By R.W. McAlister
Certainly there is no question that God “hears” all prayers in the sense that He knows we’re saying them. God is omniscient, and therefore hears and sees everything that happens on Earth. The Scriptures affirm this repeatedly. The Proverb writer observed: “For the ways of man are before the eyes of the LORD, and he pondereth all his goings” (Prov. 5:21). Jeremiah wrote: “Can any hide himself in secret places that I shall not see him? saith the LORD. Do not I fill heaven and earth? saith the LORD” (Jer. 23:24). The writer of Hebrews said: “And there is no creature that is not manifest in his sight: but all things are naked and laid open before the eyes of him with whom we have to do” (Heb. 4:13).
The real question is: Does God respond to every prayer? Specifically, does God “act” based upon requests made by someone who is not a Christian? What do the Scriptures teach us about God’s response to the alien sinner? The Scriptures are clear in teaching that God does not hear (to respond to) the prayer of alien sinners. Numerous verses in the Old Testament confirm the idea that God does respond to the prayers of the righteous, but does not respond to the prayers of the wicked. Psalm 66:18: “If I regard iniquity in my heart, the Lord will not hear me.” Proverbs 15:29 declares: “The Lord is far from the wicked; but he heareth the prayer of the righteous.” David wrote: “The eyes of the LORD are upon the righteous, and his ears are open unto their cry. 16The face of the LORD is against them that do evil, to cut off the remembrance of them from the earth” (Psalm 34:15-16).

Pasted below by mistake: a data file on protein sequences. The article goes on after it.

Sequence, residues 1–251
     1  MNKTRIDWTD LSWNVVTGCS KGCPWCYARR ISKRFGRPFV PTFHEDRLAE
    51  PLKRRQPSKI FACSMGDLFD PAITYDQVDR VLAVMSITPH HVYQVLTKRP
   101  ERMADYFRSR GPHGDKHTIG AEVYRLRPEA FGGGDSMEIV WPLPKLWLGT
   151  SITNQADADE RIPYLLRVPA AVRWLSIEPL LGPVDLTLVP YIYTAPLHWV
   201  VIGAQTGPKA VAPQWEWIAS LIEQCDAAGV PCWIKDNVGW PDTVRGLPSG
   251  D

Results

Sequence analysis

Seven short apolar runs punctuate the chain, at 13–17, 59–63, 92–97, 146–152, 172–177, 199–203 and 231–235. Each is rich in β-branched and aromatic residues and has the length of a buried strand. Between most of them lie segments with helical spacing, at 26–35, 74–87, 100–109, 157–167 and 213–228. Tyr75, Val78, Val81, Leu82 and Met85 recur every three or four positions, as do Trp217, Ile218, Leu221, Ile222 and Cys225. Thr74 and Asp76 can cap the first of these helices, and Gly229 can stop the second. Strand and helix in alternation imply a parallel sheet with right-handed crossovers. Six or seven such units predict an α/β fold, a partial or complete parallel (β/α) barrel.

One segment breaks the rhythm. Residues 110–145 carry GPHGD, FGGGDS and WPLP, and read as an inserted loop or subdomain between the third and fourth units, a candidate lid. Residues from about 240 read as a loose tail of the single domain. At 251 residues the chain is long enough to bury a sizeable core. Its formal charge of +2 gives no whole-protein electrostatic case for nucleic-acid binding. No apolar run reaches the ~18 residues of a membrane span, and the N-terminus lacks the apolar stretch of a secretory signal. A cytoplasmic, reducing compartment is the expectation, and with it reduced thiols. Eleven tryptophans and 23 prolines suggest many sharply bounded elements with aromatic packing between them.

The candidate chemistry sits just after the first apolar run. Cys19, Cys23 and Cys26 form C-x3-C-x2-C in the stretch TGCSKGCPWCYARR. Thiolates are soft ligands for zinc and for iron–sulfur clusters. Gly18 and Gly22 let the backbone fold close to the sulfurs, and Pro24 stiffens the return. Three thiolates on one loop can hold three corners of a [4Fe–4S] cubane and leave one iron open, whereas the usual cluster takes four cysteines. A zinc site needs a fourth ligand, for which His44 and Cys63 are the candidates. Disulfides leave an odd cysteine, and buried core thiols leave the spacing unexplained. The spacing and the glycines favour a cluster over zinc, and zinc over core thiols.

Consider the story found in John 9. During His travels, Jesus encountered a man who had been blind since birth and healed him. After the former blind man left Jesus and His followers, he was brought before the Pharisees and questioned. They reasoned that because Jesus performed this miracle on the Sabbath, He must have been a sinner. The blind man defended Jesus to these Pharisees when he said: “We know that God heareth not sinners: but if any man be a worshipper of God, and doeth his will, him he heareth” (John 9:31). Simply put, his argument was: (1) Only God could have worked such a miracle as giving sight to the blind; (2) God doesn’t hear the petitions of sinners; (3) therefore, Jesus could not be a sinner, because He restored the man’s sight by the power of God.
We have no record of any of those religious leaders trying to correct or contradict his statement. Why? Because the Pharisees were well trained in the Law, and the blind man’s statement was a well-known fact. The Old Testament passages referenced earlier (Psalm 34:15-16; Proverbs 15:29, et al.) confirmed the truth of what he said.
Also, Jesus Himself said in Matt. 7:21: “Not every one that saith unto me, Lord, Lord, shall enter into the kingdom of heaven; but he that doeth the will of my Father which is in heaven.”
Saul of Tarsus prayed for three days after arriving in Damascus, yet his sins were not “washed away” until he was immersed in water – baptized - in obedience to God’s command (Acts 22:16). If there ever was a case to be made for the “sinner’s prayer,” this was it; and yet it didn’t save him!
Finally, prayer is an avenue of communication between a “child of God” and his heavenly Father. The model prayer begins: “Our Father which art in heaven …” (Mt. 6:9), and one becomes a child of the Father only by being born again (Jn. 3:3-5), not by praying. The sinner’s prayer will not save anyone, because prayer is not the means by which man is saved – repentance, confession and baptism – that’s the Lord’s way of salvation. Won’t you respond in obedience today?
- R. W. McAlister preaches for the Anna Church of Christ in Anna, IL.He may be contacted through the congregation's website: http://www.annachurchofchrist.com/